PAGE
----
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  • Oh! What a Lovely War [Region 2]
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Oh! What a Lovely War [Region 2]

62 customer reviews

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Playback Region 2 :This will not play on most DVD players sold in the U.S., U.S. Territories, Canada, and Bermuda. See other DVD options under “Other Formats & Versions”. Learn more about DVD region specifications here

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Editorial Reviews

United Kingdom released, PAL/Region 2 DVD: it WILL NOT play on standard US DVD player. You need multi-region PAL/NTSC DVD player to view it in USA/Canada: LANGUAGES: English ( Mono ), Danish ( Subtitles ), Dutch ( Subtitles ), English ( Subtitles ), Finnish ( Subtitles ), Norwegian ( Subtitles ), Swedish ( Subtitles ), ANAMORPHIC WIDESCREEN (2.35:1), SPECIAL FEATURES: Anamorphic Widescreen, Black & White, Cast/Crew Interview(s), Commentary, Documentary, Interactive Menu, Scene Access, SYNOPSIS: A movie about the First World War based on a stage musical of the same name, portraying the "Game of War" and focusing mainly on the members of one family (last name Smith) who go off to war. Much of the action in the movie revolves around the words of the marching songs of the soldiers, and many scenes portray some of the more famous (and infamous) incidents of the war, including the assassination of Duke Ferdinand, the Christmas meeting between British and German soldiers in no-mans-land, and the wiping out by their own side of a force of Irish soldiers newly arrived at the front, after successfully capturing a ridge that had been contested for some time. SCREENED/AWARDED AT: BAFTA Awards, Golden Globes, ...Oh! What a Lovely War


Product Details

  • Actors: Corin Redgrave, Vincent Ball, Wendy Allnutt, Colin Farrell, Malcolm McFee
  • Directors: Joan Littlewood, Richard Attenborough
  • Producers: Oh! What a Lovely War
  • Format: Import, PAL, Widescreen
  • Language: English (Dolby Digital 2.0)
  • Subtitles: English, Dutch, Swedish
  • Region: Region 2 (Read more about DVD formats.)
  • Aspect Ratio: 2.35:1
  • Number of discs: 1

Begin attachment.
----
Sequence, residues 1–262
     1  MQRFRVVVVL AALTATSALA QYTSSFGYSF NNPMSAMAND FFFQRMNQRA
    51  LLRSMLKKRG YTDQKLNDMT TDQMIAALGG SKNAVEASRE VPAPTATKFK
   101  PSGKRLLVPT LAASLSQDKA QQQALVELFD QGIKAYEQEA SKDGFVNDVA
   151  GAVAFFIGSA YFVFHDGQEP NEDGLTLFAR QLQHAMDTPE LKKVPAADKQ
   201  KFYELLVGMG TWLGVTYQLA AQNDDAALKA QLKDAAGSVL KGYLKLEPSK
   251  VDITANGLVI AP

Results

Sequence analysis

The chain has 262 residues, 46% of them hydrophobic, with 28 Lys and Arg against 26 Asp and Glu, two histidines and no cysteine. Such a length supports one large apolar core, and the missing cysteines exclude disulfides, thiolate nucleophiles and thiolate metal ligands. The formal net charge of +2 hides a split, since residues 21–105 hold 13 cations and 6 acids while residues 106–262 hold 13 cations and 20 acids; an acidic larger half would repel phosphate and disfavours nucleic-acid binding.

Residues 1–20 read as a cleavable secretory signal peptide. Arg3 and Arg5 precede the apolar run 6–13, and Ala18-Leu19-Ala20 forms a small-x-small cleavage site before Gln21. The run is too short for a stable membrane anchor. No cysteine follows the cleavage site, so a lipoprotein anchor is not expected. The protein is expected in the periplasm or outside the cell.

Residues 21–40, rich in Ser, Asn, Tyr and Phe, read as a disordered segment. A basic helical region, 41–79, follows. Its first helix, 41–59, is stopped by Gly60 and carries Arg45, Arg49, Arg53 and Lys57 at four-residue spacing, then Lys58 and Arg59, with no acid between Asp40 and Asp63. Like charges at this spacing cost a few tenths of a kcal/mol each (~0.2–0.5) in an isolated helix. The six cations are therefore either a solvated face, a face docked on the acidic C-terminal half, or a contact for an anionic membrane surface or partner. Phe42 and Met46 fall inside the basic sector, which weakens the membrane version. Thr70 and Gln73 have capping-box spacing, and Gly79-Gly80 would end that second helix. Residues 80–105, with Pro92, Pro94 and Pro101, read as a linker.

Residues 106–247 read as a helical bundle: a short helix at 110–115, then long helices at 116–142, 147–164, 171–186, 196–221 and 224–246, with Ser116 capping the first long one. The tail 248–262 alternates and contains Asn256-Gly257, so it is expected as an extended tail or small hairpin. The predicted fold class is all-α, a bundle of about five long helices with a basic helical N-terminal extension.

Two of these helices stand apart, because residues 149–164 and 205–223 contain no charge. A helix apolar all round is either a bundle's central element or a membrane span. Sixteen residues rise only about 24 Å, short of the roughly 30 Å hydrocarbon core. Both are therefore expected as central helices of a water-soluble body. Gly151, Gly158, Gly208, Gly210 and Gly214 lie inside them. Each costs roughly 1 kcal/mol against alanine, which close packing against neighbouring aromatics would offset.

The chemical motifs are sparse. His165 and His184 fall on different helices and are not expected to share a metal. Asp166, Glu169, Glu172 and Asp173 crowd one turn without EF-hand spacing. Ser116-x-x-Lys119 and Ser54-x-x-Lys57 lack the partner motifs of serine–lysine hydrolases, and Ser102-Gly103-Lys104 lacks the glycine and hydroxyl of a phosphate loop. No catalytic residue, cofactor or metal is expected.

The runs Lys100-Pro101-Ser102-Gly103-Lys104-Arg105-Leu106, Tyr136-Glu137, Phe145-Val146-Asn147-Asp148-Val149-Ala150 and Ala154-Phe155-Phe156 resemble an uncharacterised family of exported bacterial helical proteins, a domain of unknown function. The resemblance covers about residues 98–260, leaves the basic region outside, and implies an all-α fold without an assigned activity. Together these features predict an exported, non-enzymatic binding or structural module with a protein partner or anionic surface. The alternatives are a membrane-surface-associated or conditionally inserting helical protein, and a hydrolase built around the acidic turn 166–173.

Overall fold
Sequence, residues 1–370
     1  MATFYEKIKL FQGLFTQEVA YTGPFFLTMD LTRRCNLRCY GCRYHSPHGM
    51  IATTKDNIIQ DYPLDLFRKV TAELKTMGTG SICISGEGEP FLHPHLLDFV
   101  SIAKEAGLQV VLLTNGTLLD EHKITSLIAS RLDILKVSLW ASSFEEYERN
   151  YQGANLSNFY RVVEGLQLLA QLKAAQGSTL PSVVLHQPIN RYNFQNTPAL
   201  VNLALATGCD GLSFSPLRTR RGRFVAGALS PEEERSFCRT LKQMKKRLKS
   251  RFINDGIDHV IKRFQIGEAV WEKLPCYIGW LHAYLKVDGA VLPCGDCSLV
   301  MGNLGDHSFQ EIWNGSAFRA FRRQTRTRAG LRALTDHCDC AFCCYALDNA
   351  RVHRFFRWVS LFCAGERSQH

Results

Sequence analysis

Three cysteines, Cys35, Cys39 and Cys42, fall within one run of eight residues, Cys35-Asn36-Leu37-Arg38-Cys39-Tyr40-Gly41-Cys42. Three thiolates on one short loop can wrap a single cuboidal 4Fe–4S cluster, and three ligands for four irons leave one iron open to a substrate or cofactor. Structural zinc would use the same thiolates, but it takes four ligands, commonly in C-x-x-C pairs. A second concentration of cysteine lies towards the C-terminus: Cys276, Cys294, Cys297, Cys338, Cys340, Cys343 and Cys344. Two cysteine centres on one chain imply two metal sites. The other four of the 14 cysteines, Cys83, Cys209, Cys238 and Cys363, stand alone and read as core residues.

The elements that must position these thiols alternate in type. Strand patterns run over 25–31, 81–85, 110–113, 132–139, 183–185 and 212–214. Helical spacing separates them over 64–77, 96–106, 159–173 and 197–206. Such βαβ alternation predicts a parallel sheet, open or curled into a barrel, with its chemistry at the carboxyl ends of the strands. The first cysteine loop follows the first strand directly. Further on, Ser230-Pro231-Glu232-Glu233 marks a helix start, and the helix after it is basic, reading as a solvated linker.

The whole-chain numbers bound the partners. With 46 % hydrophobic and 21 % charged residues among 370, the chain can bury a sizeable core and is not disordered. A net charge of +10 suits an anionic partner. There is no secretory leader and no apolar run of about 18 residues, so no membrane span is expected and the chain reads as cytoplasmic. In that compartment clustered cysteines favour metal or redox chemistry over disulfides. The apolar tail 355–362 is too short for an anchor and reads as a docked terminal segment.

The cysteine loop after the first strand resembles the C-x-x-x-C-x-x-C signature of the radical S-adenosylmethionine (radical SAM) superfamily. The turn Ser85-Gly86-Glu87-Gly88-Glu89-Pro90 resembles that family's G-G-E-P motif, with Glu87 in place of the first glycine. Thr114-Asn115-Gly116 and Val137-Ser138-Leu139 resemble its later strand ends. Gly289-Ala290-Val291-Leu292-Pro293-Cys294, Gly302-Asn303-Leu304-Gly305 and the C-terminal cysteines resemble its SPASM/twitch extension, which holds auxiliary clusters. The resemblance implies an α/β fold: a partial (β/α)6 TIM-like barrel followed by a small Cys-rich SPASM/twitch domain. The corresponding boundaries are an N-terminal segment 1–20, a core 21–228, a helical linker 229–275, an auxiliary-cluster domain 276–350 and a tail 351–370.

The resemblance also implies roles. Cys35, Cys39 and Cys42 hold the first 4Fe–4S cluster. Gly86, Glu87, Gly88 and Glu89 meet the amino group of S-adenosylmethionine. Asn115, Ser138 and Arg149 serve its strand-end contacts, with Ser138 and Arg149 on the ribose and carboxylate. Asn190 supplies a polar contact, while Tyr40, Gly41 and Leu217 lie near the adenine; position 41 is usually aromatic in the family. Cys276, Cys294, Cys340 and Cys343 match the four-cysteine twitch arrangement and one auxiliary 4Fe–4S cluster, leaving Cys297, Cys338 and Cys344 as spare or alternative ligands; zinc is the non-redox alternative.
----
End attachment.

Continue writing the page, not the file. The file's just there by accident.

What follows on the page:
• Rated: Unrated
  • Run Time: 138.00 minutes
  • Average Customer Review: 4.5 out of 5 stars  See all reviews (62 customer reviews)
  • ASIN: B000NJLQHY
  • Amazon Best Sellers Rank: #213,443 in Movies & TV (See Top 100 in Movies & TV)

Customer Reviews

Most Helpful Customer Reviews

45 of 47 people found the following review helpful By Born to Read on November 19, 2006
Format: DVD
"Oh! What a Lovely War" takes on nothing less than the immense task of encapsulating the entirety of World War One into two and a half hours. This is a story of courage and sacrifice beyond comprehension, and of stupidity and heartlessness on a truly monumental scale. But the courage and sacrifice are not, as in the usual telling of tales, that of a handful of heroes, but of an entire generation. And the stupidity and heartlessness belong to the military and world leaders of the day. As monarchs, generals, and politicians wallow in luxury and privilege, the ordinary soldier wallows in mud - and brutal death. This is a story that will make you gasp and cry `never again.' And you know your cry is in vain.

A notice after the opening screen credits states something that must be kept in mind throughout the film: "The principal statements made by the historical characters in this film are based on documentary evidence, and the words of the songs are those sung by the troops during the First World War." Therefore, to underscore the absurdity of an international effort that did its utmost to murder an entire generation, much of the dialogue of the historical characters, comfortably ensconced away from the fighting, sounds absurd. Is it really possible, for example, that General Haig, after considering the huge loss of life on both sides, could have said something like "in the end, the Germans will have five thousand men and we will have ten thousand, so we will have won"?. Apparently so.